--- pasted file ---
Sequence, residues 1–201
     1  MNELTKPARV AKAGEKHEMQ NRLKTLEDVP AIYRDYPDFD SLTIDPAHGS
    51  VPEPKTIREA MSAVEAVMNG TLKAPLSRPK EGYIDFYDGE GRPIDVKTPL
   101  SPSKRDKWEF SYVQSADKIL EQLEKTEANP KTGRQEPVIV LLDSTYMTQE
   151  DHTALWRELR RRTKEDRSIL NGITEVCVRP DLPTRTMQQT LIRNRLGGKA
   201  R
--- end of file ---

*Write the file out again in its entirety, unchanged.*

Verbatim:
Sequence, residues 1–201
     1  MNELTKPARV AKAGEKHEMQ NRLKTLEDVP AIYRDYPDFD SLTIDPAHGS
    51  VPEPKTIREA MSAVEAVMNG TLKAPLSRPK EGYIDFYDGE GRPIDVKTPL
   101  SPSKRDKWEF SYVQSADKIL EQLEKTEANP KTGRQEPVIV LLDSTYMTQE
   151  DHTALWRELR RRTKEDRSIL NGITEVCVRP DLPTRTMQQT LIRNRLGGKA
   201  R